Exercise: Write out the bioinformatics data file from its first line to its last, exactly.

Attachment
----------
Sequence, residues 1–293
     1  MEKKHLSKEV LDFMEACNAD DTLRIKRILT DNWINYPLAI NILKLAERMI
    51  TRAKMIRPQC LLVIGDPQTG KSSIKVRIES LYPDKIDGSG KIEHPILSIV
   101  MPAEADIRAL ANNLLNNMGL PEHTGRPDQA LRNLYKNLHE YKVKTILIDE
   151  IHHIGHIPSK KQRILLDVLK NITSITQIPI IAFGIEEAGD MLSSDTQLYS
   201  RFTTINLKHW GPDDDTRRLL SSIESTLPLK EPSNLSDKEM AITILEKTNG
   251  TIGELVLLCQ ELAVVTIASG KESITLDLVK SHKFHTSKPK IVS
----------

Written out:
Sequence, residues 1–293
     1  MEKKHLSKEV LDFMEACNAD DTLRIKRILT DNWINYPLAI NILKLAERMI
    51  TRAKMIRPQC LLVIGDPQTG KSSIKVRIES LYPDKIDGSG KIEHPILSIV
   101  MPAEADIRAL ANNLLNNMGL PEHTGRPDQA LRNLYKNLHE YKVKTILIDE
   151  IHHIGHIPSK KQRILLDVLK NITSITQIPI IAFGIEEAGD MLSSDTQLYS
   201  RFTTINLKHW GPDDDTRRLL SSIESTLPLK EPSNLSDKEM AITILEKTNG
   251  TIGELVLLCQ ELAVVTIASG KESITLDLVK SHKFHTSKPK IVS